What Depression Really Looks Like
Health, Wellness, & Safety
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Depression. It’s a word we hear a lot about. Teens facing depression, Postpartum Depression, Major Depression, and more, have become common issues that we hear about and talk about regularly. And we all have an image in our minds of what depression looks like. We imagine crying and laying in bed all day, unable to function or go to work or school. While sometimes it can look like that, it’s not very common for the symptoms to be so extreme. Would you really know if you or someone you loved was depressed?
It’s important that we all learn what depression really looks like, in order to help ourselves and others get the help we need. Knowing what to look for will enable people to get help faster, feel better, and cause less damage to relationships, work, and school. The truth is, it could even save lives by preventing potential suicides.
Here is list of some common symptoms of depression, and examples of what this actually looks like in real life:
- Depressed mood: Some people describe this as feeling sad, empty or hopeless. This is not always melodramatic. Feeling empty can look like sitting home alone. Feeling hopeless can look like not liking your job. Sometimes people are very tearful. But in children and adolescents, the can look like irritable mood, which is pretty much every teenager. You cannot judge if one is depressed based on this symptom alone.
- Lack of interest or pleasure in activities. This doesn’t always look like someone making a blatant statement that they don’t want to do this or do that. It looks like apathy. If you ask where they want to go or what they want to do, they will simply say, “I don’t know” or “I don’t care”. Again, it doesn’t typically raise a red flag, but when you look at the big picture, if a number of symptoms are present, it is probably depression.
- Significant weight loss or weight gain, without trying. This could also look like a decreased appetite. This often goes unnoticed, as perhaps this is a person who has gained or lost weight before, so it doesn’t seem odd. It could be someone in midlife, whose body is likely to change anyway. So, this symptom really does tend to get overlooked.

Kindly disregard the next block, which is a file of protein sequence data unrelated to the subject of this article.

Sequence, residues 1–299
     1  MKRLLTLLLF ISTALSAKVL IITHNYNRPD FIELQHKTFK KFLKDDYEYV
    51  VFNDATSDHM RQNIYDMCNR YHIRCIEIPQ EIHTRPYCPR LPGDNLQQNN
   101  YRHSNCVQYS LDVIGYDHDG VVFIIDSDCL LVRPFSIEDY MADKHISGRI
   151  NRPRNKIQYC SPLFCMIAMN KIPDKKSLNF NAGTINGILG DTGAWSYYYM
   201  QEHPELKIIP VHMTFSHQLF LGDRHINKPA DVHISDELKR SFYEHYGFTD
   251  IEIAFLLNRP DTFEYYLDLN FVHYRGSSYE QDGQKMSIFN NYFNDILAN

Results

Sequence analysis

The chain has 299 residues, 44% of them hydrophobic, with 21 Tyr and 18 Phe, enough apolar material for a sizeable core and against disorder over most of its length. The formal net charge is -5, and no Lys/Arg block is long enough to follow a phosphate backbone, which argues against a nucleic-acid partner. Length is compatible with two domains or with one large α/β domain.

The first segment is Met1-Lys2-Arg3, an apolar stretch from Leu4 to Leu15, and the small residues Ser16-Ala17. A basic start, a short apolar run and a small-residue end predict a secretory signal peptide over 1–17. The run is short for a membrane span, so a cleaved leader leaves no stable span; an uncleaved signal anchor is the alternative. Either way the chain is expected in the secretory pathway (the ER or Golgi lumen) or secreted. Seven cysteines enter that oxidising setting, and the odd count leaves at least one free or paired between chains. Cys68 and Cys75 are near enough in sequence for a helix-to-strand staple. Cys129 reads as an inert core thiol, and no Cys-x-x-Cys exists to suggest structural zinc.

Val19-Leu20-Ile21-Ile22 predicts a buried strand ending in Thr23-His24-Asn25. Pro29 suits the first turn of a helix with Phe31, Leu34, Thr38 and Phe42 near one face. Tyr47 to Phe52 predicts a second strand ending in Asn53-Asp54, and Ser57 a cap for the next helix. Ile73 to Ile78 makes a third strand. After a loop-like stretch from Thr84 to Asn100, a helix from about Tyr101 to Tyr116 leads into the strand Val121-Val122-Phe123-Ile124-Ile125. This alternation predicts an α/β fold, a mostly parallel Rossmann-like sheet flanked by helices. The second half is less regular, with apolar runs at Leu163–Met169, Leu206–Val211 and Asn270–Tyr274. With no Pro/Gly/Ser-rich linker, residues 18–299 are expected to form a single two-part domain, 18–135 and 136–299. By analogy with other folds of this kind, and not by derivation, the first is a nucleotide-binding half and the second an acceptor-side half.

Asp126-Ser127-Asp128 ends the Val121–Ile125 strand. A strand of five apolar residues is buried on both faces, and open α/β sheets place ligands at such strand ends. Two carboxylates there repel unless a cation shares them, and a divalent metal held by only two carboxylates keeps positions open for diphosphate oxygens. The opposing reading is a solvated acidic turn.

- Difficulty sleeping or sleeping too much. This symptom could be easily explained by any number of other circumstance. People who don’t sleep could say they’re just stressed and have too much to do, while those who sleep a lot will just say their week was exhausting or they’re not feeling well. And teenagers tend not to want to sleep at night, but then enjoy sleeping late in the morning or even the afternoon. It makes it hard to notice if this is a symptom they are experiencing.
- Observable restlessness or moving extremely slow. Granted, some people are like this all of the time. What you’re really looking for is a change from before. If all of a sudden someone is very active or fidgety, or really dragging, and they aren’t usually like that, be aware that it could be depression.
- Fatigue or loss of energy every day. So, really, who doesn’t feel fatigued? Who doesn’t lack energy at some point of the day? We’re looking for something a little bit more pervasive than what you’d expect to see on a daily basis, but this can be easy to overlook, as some amount of this is totally normal. Maybe a mom who is too tired every night to cook dinner or bathe her children. Could be someone who naps during the day, even after a full night’s sleep.
- Feeling worthlessness or extreme guilt. When someone feels bad about everything, even when the issues are totally normal, it can easily get framed as being sensitive. And worthlessness can look like humorous self-deprecating. Pay attention to this symptoms in the context of all the others. Because some people are just funny and sensitive, but sometimes it’s a sign of depression.
- Difficulty thinking, concentrating, or making decisions. This one gets brushed over as just being too tired or stressed to focus. But it’s a very common and important symptom to pay attention to. Someone who never knows what they want or doesn’t seem to care about anything could be depressed. Not being able to focus and get tasks done can really get in the way of functioning, so it’s really important to know that this could be from depression.
- Thoughts of death, suicidal ideation or suicide attempt. While these seem to be very clear to most of us, we often overlook the thoughts of death. Because it’s not only thoughts and plans to take your own life, it could be an obsession with dark themes about death, too. How many times after a tragic shooting have you heard that the shooter was interested in death themes?
- Lastly, if the symptoms are causing distress or impairment in one’s functioning, then it is surely a sign that depression is at play. That means that school or work is suffering. It means that relationships are being negatively impacted. It means that parenting has become too difficult. These symptoms are a good gage for determining when there is actually a problem or when it’s just normal.
Don’t ignore when you think you or someone you love might be depressed. Talk about with a loved one or trusted friend, and by all means reach out for help. There are therapists and doctors ready and able to help, and you will feel so much better. There is no shame in feeling depressed, and you are not alone.